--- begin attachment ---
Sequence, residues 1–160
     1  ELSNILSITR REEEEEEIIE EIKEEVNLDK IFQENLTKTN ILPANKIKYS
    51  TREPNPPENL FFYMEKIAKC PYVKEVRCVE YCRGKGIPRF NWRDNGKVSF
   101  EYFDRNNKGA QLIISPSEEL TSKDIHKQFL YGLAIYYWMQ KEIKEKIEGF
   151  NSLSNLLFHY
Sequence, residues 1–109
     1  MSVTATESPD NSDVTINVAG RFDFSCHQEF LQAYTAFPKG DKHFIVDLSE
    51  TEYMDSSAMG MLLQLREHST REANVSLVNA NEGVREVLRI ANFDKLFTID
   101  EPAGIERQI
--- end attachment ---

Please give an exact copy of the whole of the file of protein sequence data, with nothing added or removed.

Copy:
Sequence, residues 1–160
     1  ELSNILSITR REEEEEEIIE EIKEEVNLDK IFQENLTKTN ILPANKIKYS
    51  TREPNPPENL FFYMEKIAKC PYVKEVRCVE YCRGKGIPRF NWRDNGKVSF
   101  EYFDRNNKGA QLIISPSEEL TSKDIHKQFL YGLAIYYWMQ KEIKEKIEGF
   151  NSLSNLLFHY
Sequence, residues 1–109
     1  MSVTATESPD NSDVTINVAG RFDFSCHQEF LQAYTAFPKG DKHFIVDLSE
    51  TEYMDSSAMG MLLQLREHST REANVSLVNA NEGVREVLRI ANFDKLFTID
   101  EPAGIERQI